Birds & Blooms

And other joys of spring­time

Our Canada - - Front Page - by Brian C. Mer­ritt, Grimsby, Ont.


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When my wife El­iz­a­beth and I moved here to Grimsby some 30 years ago, we were im­me­di­ately struck by the beauty of the town’s set­ting. Nestled on the south­ern shore of Lake On­tario, set against the back­ground of soar­ing crags of the Ni­a­gara Es­carp­ment, the com­mu­nity has the ap­pear­ance of an alpine vil­lage.

Once set­tled into our new home, we en­joyed ex­plor­ing the area. We found many places of in­ter­est in­clud­ing the Beamer Memo­rial Con­ser­va­tion Area; set atop the Ni­a­gara Es­carp­ment, it is an ideal spot for walks and pic­nics. Sev­eral look­outs pro­vide spec­tac­u­lar views of Ni­a­gara Falls and across Lake On­tario.

On one spring visit to Beamer, we no­ticed a num­ber of hawks fly­ing over­head. We are not avid birdwatchers and couldn’t iden­tify any of the birds specif­i­cally. They var­ied in size from those with very large wing­spans to small hawks with pointed wings. They would glide on the up­drafts caused by winds com­ing off the lake and hit­ting the al­most ver­ti­cal faces of the es­carp­ment. The hawks’ flight pat­terns ap­peared to be head­ing west along the es­carp­ment.

We came upon a clear­ing where a group of peo­ple armed with binoc­u­lars were gath­ered. They ap­peared to be fo­cused on the pass­ing birds. Upon in­quiry, we dis­cov­ered that the an­nual spring hawk watch was in progress. The group were mem­bers of the Ni­a­gara Penin­sula Hawk­watch (NPH).

“Hawk” is some­what of a gen­eral term for di­ur­nal birds of prey such as bu­teos, ac­cip­iters, fal­cons, ea­gles, vul­tures, kites, north­ern har­rier and os­prey. Up to 22 species of hawks can be found mi­grat­ing through Beamer. Since 1975, when the an­nual hawk mi­gra­tion at Beamer be­gan be­ing mon­i­tored, the spring hawk count has recorded over 577,000 birds.

The NPH was formed in March 1990. Its main pur­poses are to pro­mote the en­joy­ment of hawk­watch­ing, ed­u­cate the pub­lic about hawks and their mi­gra­tion, con­duct sys­tem­atic counts of hawks mi­grat­ing along the Ni­a­gara Es­carp­ment, and work for the con­ser­va­tion of hawks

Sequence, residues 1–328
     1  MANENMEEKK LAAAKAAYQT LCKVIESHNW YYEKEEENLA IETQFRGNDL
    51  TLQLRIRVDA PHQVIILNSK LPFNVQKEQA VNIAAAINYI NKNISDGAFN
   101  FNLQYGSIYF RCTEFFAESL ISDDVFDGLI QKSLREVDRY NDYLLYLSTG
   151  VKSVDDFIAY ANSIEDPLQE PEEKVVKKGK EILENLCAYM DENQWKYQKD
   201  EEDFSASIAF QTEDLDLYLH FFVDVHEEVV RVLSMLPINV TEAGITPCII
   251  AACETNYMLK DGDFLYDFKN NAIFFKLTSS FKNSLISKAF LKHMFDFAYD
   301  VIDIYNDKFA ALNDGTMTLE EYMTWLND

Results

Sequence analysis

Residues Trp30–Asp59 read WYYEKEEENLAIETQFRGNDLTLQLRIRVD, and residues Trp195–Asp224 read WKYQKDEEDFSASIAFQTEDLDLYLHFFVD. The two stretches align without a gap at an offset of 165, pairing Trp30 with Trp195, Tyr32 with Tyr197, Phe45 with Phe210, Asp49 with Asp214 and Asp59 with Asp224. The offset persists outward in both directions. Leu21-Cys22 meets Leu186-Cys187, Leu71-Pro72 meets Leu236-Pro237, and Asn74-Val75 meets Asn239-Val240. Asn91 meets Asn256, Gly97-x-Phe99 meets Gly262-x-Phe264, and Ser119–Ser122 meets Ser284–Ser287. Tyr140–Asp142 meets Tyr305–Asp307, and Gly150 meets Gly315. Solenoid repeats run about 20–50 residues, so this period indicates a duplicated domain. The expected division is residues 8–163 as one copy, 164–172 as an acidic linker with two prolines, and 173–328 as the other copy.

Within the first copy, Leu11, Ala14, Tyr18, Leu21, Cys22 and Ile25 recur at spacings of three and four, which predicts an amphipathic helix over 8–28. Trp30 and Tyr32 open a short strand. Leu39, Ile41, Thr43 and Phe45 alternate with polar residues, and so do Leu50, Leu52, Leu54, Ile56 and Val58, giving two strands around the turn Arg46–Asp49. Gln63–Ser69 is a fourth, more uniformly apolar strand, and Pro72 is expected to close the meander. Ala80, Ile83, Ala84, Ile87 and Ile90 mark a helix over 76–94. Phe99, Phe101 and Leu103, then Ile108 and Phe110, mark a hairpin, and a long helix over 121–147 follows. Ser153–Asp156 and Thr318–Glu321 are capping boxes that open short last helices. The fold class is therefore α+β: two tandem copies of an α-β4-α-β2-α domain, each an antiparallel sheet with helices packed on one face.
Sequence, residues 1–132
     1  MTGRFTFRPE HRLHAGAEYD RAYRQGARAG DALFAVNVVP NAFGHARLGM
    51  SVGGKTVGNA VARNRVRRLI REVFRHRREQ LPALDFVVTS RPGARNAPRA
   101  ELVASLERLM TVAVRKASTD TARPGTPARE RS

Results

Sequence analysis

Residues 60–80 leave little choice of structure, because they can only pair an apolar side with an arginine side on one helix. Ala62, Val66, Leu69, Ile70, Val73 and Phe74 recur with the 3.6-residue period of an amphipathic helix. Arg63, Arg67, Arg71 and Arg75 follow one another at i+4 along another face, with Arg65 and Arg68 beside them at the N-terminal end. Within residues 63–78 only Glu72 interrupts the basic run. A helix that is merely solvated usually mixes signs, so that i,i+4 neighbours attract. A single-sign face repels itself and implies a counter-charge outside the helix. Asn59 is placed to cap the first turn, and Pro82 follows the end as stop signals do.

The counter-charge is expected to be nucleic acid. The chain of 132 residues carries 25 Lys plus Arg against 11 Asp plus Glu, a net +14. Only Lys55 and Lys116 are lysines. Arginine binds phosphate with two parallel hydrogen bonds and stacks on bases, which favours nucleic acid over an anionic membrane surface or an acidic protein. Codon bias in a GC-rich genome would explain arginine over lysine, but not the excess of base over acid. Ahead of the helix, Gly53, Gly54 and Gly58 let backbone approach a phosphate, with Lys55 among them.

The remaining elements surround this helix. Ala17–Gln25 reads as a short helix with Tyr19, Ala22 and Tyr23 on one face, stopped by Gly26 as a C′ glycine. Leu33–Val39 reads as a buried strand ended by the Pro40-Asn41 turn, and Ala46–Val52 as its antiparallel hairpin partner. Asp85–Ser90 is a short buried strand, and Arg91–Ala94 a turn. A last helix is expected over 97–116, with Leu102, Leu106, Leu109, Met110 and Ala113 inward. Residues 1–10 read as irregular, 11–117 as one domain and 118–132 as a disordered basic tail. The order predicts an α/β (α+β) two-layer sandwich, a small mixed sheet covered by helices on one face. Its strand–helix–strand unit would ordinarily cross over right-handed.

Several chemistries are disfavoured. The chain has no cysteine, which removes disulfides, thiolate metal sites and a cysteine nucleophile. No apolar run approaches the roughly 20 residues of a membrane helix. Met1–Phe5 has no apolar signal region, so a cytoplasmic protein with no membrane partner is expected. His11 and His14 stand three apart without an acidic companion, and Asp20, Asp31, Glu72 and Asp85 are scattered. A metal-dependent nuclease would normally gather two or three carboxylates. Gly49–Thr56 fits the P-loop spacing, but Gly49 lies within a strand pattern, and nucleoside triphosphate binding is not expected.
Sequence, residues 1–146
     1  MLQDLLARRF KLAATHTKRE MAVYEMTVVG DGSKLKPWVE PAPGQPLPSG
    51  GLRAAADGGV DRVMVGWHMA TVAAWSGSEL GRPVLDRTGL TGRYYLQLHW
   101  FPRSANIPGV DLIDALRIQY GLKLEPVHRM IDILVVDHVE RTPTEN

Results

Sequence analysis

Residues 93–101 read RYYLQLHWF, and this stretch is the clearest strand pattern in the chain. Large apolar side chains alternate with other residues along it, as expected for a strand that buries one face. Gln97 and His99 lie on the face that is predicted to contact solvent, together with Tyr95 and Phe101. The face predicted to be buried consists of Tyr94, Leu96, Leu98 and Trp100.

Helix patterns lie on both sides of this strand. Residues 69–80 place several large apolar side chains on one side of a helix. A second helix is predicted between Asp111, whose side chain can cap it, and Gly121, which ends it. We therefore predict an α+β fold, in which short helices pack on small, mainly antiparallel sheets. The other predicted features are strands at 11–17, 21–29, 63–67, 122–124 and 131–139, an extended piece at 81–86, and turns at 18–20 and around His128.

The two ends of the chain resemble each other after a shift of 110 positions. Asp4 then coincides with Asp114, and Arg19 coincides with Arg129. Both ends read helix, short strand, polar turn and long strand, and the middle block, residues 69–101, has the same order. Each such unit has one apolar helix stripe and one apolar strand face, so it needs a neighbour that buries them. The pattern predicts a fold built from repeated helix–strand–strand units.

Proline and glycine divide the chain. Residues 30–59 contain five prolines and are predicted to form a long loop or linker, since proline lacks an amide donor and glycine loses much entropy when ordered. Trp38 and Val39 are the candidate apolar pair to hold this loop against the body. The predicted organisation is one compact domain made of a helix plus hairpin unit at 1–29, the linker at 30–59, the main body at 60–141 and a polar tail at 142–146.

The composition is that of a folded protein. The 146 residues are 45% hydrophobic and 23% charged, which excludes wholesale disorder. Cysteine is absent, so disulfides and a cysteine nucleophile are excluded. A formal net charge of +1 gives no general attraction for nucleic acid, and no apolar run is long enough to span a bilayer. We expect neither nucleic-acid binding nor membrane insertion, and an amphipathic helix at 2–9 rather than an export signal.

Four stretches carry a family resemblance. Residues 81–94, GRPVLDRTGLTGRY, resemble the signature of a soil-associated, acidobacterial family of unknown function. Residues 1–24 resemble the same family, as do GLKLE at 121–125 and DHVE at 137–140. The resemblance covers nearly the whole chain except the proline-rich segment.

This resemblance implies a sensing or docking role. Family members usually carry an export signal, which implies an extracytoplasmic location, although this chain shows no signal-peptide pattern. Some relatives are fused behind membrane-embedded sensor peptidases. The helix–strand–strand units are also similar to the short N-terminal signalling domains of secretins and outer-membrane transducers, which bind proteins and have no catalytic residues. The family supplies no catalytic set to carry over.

in On­tario. NPH mem­bers ob­serve, iden­tify and record the num­bers of mi­grat­ing hawks fly­ing over Beamer Point. The count be­gins on March 1 and ends on May 15. The data is sub­mit­ted to the Hawk Mi­gra­tion As­so­ci­a­tion of North Amer­ica, which tab­u­lates data from more than 200 hawk watches across the con­ti­nent.

Hawks mi­grate around the Great Lakes to take ad­van­tage of ris­ing air cur­rents or favourable winds. Ris­ing air cur­rents caused by the sun warm­ing the ground are called ther­mals. When hawks fly into a ther­mal, they will rise with the air as if on an el­e­va­tor, just like glider pi­lots do. As the ther­mal starts to weaken at higher alti­tudes, the hawks glide away in search of an­other ther­mal. Glid­ing on these ris­ing masses of air al­lows the rap­tors to save sig­nif­i­cant amounts of en­ergy on their mi­gra­tion. This is im­por­tant, as some of the hawks are com­ing from as far as South Amer­ica and with some head­ing as far as the Arc­tic.

In Grimsby, we see the hawks that have cho­sen to fly around the west end of Lake On­tario on their north­ward flight. They will fol­low the Ni­a­gara Es­carp­ment or the south shore of Lake On­tario on this west­erly flight. At Grimsby, the es­carp­ment has the steep­est face and is closer to Lake On­tario than any­where else along the south shore. The con­cen­tra­tion of birds at Grimsby pro­vides the coun­ters with a won­der­ful van­tage point to count—on av­er­age—14,000 mi­grat­ing hawks each spring.

Once the hawks pass Grimsby and get around the lake at Hamil­ton, the flight path widens and the birds con­tinue to look for ther­mals as they head to their north­ern breed­ing grounds. Some nest in south­ern On­tario and some, such as the rough­legged hawk, con­tinue on to the Arc­tic.

Over­look­ing the town of Grimsby, the Beamer Memo­rial Con­ser­va­tion Area is easily ac­ces­si­ble by car. While a visit at any time is well worth the trip, vis­it­ing dur­ing the hawk-watch sea­son is es­pe­cially worth­while. Vis­i­tors are al­ways wel­come to share this spec­tac­u­lar view of na­ture, learn about the hawk mi­gra­tion and dis­cover what makes hawk­watch­ing a life­time pas­sion for many. If you would like more in­for­ma­tion, hop on­line and visit­a­gara­penin­su­la­hawk­

Far left: an adult turkey vul­ture, photo cour­tesy of Don­ald Met­zner. Left: an os­prey, photo cour­tesy of Rod­ney Camp­bell.

This photo of an adult red-shoul­dered hawk is cour­tesy of Andy Morf­few.

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